01 Dec 2003

Rural Renewal

A Profile of Torrey Reade
by Susan Young


f483648e74d55b8150fd4379ba80c385 Torrey Reade (MBA ’81) says hello to each of the ten vendors at the Salem, New Jersey, farmer’s market. From Al Dolinski, she buys sunflowers. After inquiring “How’s it going?” she can’t resist the heirloom tomatoes from the Hancocks. The corn from Buzby Farm was just picked this morning. While she herself is an organic farmer, Reade is not here to sell the blueberries, asparagus, beef, or lamb she raises at Neptune Farm. She’s here to support the other farmers, and they are here, in large part, because of her. Reade organized the weekly market to help the farmers sell their wares, to make local produce available to locals, and to revitalize the town’s Main Street, a modest collection of struggling businesses.

Reade’s “retirement” after a successful career in the investment business was gradual and accidental. Seeking a vacation spot, in 1989 she bought a 126-acre farm in Lower Alloways Creek, a region that makes it clear why New Jersey is called the Garden State. She named it Neptune, after the investment business she and a partner ran in New York City. At first it was just a weekend getaway, but then she found herself staying an extra day. Soon she had figured out a way to work two days a week from her country home and eventually left New York for good.

Initially worried that she’d feel isolated in the country, Reade laughs and confides: “I met more people here my first week than in my nine years in New York.” Over the years she has evolved from a curiosity (“What’s a single woman doing buying that old farm?”) to a firmly established member of the community. With a long salt-and-pepper braid snaking down her back and surrounded by her sheep, cows, and land, it’s hard to picture Reade in her previous life. “I was a yuppie,” she admits, sitting in the kitchen she redesigned in a manner that would make Martha Stewart proud — and also gives an outsider a hint that she’s not exaggerating.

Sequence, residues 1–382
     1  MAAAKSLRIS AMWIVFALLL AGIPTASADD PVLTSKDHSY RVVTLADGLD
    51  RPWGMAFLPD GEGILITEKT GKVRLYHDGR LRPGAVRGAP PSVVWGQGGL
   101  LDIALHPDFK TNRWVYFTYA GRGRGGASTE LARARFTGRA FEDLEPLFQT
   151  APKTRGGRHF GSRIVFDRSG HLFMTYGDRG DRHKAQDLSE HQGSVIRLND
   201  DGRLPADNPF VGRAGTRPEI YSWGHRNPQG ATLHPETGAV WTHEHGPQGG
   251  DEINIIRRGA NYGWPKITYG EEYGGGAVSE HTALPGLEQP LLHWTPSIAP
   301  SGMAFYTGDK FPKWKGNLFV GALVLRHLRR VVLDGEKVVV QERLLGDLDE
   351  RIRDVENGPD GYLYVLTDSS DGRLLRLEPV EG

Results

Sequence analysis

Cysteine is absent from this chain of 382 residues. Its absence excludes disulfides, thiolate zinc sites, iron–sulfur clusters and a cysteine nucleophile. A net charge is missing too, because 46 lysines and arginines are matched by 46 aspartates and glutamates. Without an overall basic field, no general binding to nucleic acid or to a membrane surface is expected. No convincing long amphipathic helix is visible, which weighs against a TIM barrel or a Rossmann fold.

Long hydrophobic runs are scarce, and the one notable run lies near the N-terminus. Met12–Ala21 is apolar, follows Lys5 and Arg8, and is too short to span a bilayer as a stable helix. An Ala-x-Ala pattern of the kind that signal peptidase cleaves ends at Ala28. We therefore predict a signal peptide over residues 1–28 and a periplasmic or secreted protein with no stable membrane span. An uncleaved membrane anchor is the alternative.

During her New York days, Reade specialized in buying and selling firms that had gone bankrupt or were in financial distress — they were underwater, hence the name Neptune. “It was thoroughly engaging intellectually,” says Reade of her years in the investment business. “We were detectives, piecing together the information to figure out the value of basic businesses.” Ultimately, however, she felt dissatisfied, in part because the bankruptcy market became saturated, and she began to think that “the compensation was no longer commensurate with the risks.” With the aim of cutting back on the workload, she and her partner decided to stop raising new funds. At the same time, her growing appreciation of greener spaces was turning into an obsession.

Tribeca Window Boxes

A native of Wayland, Massachusetts, Reade never thought much about gardening as a kid. After earning her MBA and living in New York City for a few years, however, she went looking for geraniums for her window boxes. At the garden store in her Tribeca neighborhood, she got distracted by a tomato plant. Soon she’d covered her fire escape with tomato vines, and when the fire department gently reminded her that wasn’t the purpose of the space, she branched out. “My first community organization project was to get my neighbors to help me build a deck on the roof of our building,” she explains. Hauling bags and bags of dirt up six flights of stairs, Reade soon created an urban sanctuary, complete with flowers, vegetables, and an automatic sprinkler system.

Longing for more, she began looking for a few acres to purchase outside the city. In the southwest corner of New Jersey, 120 miles from Manhattan, she found something special. “I lost my mind when we drove up to this place,” says Reade as she takes a visitor on a tour of the 1706 farmhouse, a large hay-filled barn, a sparse building where she packs the berries and vegetables, a vast flower garden, and the paddocks where her cows and sheep graze. “I immediately told the real estate agent that this was my dream house,” she says shaking her head, still surprised by how she let emotion cloud her usually savvy negotiation skills.